How to Read Nutrition Labels


Large companies and food manufactures work hard to confuse us when it comes to ingredient and nutritional labels on food. The thing is, reading ingredient labels doesn't have to be a confusing thing, it can actually be pretty straight forward if you know what you want to see and what you should be looking out for.

It's just as important to be just as aware of what has been taken out of the food as what has been added in! This is something that a lot of people miss but there is a reason that real whole foods are so beneficial, it's because they are as close to their natural state as possible and nothing has been taken out.

For example when you buy a processed grain item (like bread) it has had almost all of the fibre stripped out of it, as opposed to a sprouted bread that contains the full seed, grain and has most of the fibre still in tact.

The top 3 ingredients listed are the ingredients that are the most important, because are the ingredients that appear in the product the most. If the first ingredients include refined grains, a type of sugar, or hydrogenated oils, you can assume that the product is unhealthy.

You can also basically assume that if the ingredients list that is longer than two to three lines suggests that the product is highly processed.

Understanding the Nutrition Label

Nutrition labels state how many calories and nutrients are in a standard suggested single serving of the food.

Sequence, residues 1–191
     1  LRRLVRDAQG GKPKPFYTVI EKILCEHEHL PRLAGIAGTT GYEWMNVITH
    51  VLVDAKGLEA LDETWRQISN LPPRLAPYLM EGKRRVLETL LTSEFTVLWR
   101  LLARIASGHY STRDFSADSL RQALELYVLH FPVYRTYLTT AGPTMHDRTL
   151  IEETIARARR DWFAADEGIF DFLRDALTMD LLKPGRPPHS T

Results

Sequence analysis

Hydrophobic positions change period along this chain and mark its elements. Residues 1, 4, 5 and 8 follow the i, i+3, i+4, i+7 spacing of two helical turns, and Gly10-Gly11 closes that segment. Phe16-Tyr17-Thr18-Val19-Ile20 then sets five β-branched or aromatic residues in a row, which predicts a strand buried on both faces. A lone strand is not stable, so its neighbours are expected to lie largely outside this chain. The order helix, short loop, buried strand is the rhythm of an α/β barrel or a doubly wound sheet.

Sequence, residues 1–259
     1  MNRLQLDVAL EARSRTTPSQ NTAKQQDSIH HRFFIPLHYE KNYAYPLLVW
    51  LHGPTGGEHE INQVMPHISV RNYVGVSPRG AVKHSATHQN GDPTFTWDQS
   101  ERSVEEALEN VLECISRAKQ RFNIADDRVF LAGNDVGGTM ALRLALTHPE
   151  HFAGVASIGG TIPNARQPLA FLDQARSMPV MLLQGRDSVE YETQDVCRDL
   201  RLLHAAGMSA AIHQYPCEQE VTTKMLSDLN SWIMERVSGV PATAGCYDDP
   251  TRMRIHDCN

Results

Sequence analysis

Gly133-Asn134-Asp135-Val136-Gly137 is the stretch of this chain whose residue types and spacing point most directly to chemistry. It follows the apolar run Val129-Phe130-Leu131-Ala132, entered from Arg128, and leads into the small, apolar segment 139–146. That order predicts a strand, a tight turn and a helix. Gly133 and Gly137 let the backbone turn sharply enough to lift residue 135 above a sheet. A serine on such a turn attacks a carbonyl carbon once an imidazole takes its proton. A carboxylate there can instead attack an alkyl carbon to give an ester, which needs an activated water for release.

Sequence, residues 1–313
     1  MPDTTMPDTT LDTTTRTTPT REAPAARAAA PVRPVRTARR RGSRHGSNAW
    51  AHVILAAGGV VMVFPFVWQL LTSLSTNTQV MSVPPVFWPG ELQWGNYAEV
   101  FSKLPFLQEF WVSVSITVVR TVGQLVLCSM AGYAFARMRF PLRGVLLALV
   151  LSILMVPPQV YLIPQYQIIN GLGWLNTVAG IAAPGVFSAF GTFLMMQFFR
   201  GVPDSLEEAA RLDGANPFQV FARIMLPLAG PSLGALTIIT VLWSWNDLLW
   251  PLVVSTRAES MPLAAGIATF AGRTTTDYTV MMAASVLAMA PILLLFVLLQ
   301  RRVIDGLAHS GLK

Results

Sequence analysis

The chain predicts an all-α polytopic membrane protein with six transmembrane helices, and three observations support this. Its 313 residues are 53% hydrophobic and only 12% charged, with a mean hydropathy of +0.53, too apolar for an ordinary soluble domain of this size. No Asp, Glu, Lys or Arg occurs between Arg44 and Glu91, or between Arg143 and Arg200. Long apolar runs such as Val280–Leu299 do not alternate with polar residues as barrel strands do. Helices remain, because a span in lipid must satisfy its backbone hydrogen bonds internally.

To find the nutritional value of what the food, you need to multiply the serving given on the back by the number of servings you are consuming.

Ingredients to Avoid

  • High fructose corn syrup
  • Artificial flavours
  • Artificial colours - caramel colouring, Blue No. 1 Brilliant Blue, Blue No. 2 Indigotine, Green No. 3 Fast Green, Red No. 3 Erythrosine, Orange B, Citrus Red 2
  • Artificial sweeteners - Aspartame, Nutrasweet, Equal, Splenda, Sucralose, Saccharin, Sweet 'N Low, Sweet Twin, Sugar Twin, Acesulfame Potassium, Sunnett, Sweet One
  • Monosodium glutamate (MSG)
  • Soybean Oil - Polysorbate 60, Propylene glycol alginate (E405)
  • Enriched flour

The Bottom Line

If you can focus on having the majority of your diet come from real whole foods that are as close to their natural state, and have no nutrition labels you will be in a really good place.

We also know that never buying packaged foods is not an option for the majority of us, and that's totally okay, just be mindful of what is in the food you're buying and consuming, look for packaged foods with ingredients you recognize and can actually picture in your head and treat pre made packaged food as an add on to your diet, not your entire diet.

Enjoy - @tubify


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